HB 493 – Private Plan Review Reform

HB 493 – Private Plan Review Reform
Click here for full bill

Why You Needed HB 493

  • Existing law, O.C.G.A. 8-2-26, allows a local permitting authority to take 30 business days to complete a plan review and 2 days to complete an inspection.
  • Click the following for a full presentation at the 2019 HBAG Spring Board Meeting


How HB 493 Changes the Law

  • Cities and counties SHALL publish all requirements and fees for building permit applications.
  • No later than 5 business days after receipt of an application, a local building official SHALL notify the applicant whether or not the application is complete.
  • When an applicant is notified that their application is complete, the builder will be notified as to whether the government will be able to complete a plan review in 30 days or an inspection in 2 days.


New Options for Private Plan Review

  • Option 1: If local governments CANNOT complete the review or inspection within that time frame, an applicant SHALL have the option of retaining a private, professional provider.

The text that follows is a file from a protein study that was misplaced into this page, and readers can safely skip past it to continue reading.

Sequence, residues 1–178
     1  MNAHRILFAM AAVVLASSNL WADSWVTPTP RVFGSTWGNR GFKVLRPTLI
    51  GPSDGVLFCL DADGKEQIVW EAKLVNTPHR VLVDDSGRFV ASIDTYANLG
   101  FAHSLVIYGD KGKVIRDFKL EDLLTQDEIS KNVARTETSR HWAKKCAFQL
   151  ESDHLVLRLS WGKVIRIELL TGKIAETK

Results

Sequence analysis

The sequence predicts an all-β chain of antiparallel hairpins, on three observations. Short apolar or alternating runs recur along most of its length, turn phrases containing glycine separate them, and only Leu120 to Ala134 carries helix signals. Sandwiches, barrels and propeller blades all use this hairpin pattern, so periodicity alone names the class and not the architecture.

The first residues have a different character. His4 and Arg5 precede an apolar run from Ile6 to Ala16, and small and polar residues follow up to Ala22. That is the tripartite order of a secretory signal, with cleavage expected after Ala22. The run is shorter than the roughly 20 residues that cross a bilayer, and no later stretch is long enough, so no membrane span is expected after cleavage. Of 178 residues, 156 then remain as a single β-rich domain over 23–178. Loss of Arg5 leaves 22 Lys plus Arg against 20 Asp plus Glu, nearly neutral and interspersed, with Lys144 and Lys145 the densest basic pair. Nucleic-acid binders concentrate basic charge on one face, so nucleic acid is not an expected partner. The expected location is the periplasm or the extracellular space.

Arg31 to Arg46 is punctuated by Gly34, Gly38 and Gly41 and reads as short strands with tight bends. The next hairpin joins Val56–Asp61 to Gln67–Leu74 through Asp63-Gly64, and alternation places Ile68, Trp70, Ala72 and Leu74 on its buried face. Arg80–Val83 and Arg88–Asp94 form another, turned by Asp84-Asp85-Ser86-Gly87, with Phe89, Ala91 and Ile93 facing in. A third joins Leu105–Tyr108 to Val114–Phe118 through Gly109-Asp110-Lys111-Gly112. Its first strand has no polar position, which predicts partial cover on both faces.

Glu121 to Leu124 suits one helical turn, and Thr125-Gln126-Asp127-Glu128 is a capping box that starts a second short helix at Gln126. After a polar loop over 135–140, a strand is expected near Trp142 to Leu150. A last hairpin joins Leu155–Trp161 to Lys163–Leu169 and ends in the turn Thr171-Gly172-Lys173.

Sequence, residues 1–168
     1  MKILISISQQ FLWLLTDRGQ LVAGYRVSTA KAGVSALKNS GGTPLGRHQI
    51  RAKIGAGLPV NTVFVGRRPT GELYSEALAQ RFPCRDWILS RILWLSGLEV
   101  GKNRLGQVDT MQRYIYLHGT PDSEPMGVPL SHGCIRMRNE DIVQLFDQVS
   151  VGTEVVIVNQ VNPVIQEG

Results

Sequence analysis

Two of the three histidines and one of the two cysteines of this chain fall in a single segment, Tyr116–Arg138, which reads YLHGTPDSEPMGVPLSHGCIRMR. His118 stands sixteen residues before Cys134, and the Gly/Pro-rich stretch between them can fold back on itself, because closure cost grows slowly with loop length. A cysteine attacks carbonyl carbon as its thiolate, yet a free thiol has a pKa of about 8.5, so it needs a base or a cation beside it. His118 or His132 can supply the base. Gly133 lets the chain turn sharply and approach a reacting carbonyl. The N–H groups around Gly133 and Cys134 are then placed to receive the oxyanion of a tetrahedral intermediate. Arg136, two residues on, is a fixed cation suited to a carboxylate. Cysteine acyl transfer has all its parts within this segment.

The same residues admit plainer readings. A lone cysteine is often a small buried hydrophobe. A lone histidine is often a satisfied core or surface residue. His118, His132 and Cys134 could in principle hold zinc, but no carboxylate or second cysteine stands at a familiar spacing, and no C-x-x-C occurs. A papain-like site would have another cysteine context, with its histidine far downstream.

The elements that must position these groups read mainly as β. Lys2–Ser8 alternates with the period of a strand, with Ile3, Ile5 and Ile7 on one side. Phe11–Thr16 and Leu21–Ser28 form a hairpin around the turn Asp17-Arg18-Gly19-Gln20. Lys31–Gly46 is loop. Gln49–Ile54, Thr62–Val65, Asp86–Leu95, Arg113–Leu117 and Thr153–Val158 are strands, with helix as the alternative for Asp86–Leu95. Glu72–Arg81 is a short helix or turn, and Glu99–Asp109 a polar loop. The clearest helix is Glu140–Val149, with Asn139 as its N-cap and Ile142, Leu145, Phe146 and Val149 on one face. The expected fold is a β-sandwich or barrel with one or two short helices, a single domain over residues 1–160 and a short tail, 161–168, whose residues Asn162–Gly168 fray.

• The builder will pay only 50 % of the required regulatory fee
  • Option 2: If local governments determine they CAN provide the plan review or inspection within the time limits, an applicant may nevertheless choose to retain a private, professional provider immediately.
    • The applicant would be required to pay a “convenience fee” equal to 100 % of the regulatory fee


Private Plan Reviewer Requirements

  • The private, professional provider SHALL review plans to determine compliance with all applicable “regulatory requirements.”
  • The private, professional provider SHALL be a licensed engineer or a licensed architect who is not an employee or otherwise affiliated with the applicant.
  • The private, professional provider SHALL submit an affidavit that the plans reviewed comply with all applicable regulatory requirements.
  • They SHALL also show proof of errors and omissions insurance for at least $1 MILLION per claim and $1 MILLION aggregate coverage for any project with a construction cost of $5 MILLION or less.


Bottom Line

  • If time is of the essence, builders can skip to the front of the line, provided you pay the government their full fee and the third-party provider their full fee.
  • If cost is a bigger concern, allowing builders in a hurry to go to a third-party provider will also shorten the line, making the process more efficient for everyone.
  • There may be some growing pains among the local staff. Please forward non-compliance complaints to Stephen Davis (SDavis@atlantahba.com)